Today in History, May 13, 1864:
Private William Christman of the 67th Pennsylvania Infantry, US Army, became the first soldier laid to rest at Arlington National Cemetery. He was laid to rest in the Lee’s rose garden near the Custis-Lee Mansion, or Arlington House.
Private Christman’s brother had preceded him in service to his country, leaving William to manage the family farm. William volunteered himself in part to help provide for his family. He became ill and died in a DC military hospital.
The mansion and the plantation it was on had belonged to George Washington Parke Custis, grandson of Martha Washington, step-grandson of President Washington. He willed the property to his daughter, Mary Anna Randolph Custis. She in turn married a young US Army Lieutenant and West Point graduate, Robert E. Lee.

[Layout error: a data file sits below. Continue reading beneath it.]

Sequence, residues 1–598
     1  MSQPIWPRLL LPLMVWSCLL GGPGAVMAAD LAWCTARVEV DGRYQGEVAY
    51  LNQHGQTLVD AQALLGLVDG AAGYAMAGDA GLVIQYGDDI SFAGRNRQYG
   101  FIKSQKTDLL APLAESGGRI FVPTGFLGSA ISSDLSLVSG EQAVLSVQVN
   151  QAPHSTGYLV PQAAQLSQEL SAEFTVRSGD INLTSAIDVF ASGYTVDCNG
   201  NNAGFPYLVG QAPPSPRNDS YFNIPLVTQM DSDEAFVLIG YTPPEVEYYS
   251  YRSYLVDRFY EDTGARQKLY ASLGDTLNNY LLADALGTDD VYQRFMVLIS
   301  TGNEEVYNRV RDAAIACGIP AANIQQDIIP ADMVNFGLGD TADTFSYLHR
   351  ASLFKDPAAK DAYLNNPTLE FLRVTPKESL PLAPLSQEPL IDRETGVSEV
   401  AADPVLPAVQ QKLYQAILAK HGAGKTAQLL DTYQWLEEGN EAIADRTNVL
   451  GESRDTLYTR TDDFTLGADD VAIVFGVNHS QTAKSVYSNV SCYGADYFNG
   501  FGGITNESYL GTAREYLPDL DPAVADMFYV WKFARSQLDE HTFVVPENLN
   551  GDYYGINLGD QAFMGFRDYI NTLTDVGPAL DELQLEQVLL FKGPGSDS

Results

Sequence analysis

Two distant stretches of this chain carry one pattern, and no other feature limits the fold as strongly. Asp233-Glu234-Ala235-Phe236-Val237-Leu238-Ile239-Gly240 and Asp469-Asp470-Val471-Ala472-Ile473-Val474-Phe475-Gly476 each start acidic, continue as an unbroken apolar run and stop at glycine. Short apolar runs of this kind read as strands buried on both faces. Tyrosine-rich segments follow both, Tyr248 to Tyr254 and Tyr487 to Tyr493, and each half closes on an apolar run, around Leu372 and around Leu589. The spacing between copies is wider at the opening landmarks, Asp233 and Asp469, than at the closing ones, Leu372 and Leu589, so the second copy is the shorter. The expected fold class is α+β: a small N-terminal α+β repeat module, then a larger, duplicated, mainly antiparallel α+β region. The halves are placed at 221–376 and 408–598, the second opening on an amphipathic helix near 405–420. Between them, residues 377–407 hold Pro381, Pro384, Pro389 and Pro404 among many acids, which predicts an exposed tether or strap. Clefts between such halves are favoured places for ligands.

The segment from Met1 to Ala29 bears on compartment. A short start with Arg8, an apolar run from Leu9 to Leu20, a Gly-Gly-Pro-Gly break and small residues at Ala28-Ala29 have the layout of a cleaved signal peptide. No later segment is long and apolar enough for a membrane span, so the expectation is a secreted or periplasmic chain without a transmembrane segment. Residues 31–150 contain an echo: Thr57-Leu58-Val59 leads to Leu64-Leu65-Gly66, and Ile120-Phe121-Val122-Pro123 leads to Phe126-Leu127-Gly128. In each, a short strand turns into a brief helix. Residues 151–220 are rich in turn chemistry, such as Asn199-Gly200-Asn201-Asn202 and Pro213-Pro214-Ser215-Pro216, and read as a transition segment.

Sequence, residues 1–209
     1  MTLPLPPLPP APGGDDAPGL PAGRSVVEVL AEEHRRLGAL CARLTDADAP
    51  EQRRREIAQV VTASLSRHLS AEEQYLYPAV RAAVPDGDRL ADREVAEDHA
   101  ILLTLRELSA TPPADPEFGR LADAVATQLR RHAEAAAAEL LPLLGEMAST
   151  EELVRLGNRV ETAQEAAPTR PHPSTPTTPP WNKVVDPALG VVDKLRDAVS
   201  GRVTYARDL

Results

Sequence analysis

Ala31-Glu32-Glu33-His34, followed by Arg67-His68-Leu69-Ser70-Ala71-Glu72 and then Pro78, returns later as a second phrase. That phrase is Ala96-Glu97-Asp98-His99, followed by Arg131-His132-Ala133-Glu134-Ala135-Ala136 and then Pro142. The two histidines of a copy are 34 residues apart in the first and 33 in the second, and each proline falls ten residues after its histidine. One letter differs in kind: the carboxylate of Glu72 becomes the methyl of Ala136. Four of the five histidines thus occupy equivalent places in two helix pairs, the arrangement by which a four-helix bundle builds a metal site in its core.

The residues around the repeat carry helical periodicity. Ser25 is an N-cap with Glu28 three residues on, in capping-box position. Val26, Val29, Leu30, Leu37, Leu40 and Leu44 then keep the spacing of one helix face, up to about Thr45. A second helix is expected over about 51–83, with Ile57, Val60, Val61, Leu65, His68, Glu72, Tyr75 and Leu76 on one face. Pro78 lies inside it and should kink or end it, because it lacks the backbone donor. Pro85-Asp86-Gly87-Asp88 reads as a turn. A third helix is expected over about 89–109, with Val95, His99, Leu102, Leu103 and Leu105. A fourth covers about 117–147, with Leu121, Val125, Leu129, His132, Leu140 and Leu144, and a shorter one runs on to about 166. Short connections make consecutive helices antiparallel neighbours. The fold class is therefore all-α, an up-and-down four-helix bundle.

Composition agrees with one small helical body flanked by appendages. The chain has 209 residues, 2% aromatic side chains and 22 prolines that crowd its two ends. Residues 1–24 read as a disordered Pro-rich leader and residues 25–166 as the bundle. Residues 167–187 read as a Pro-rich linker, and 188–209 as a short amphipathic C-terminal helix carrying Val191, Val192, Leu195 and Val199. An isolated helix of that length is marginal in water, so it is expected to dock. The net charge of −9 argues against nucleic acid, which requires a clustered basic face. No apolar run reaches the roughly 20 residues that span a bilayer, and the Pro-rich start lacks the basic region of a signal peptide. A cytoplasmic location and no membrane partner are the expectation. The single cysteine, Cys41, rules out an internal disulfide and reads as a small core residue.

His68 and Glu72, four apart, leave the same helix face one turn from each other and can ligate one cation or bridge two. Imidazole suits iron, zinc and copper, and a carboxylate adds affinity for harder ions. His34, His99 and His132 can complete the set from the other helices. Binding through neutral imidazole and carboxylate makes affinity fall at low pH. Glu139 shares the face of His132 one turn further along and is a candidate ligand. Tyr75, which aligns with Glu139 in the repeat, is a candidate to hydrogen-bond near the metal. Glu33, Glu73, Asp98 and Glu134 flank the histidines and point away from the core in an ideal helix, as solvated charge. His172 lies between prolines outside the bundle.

Lee served in the Mexican-American War and was respected as one of the best officers in the US Army. In fact he was offered command of the forces around Washington at the outset of the Civil War. He turned this offer down and instead left the Custis-Lee Mansion to go further south into Virginia and command Confederate forces.
As the war progressed the mansion was used as a Union Headquarters. A camp to assist former slaves was set up on the property. And finally, faced with mounting casualties in the war, the Union assumed the property as a cemetery for Union war dead.
It was actually after Private Christman was interred that the property was designated the Arlington National Cemetery. Today American soldiers from every war fought by the United States are buried and memorialized at Arlington, including the Revolutionary War and the War of 1812.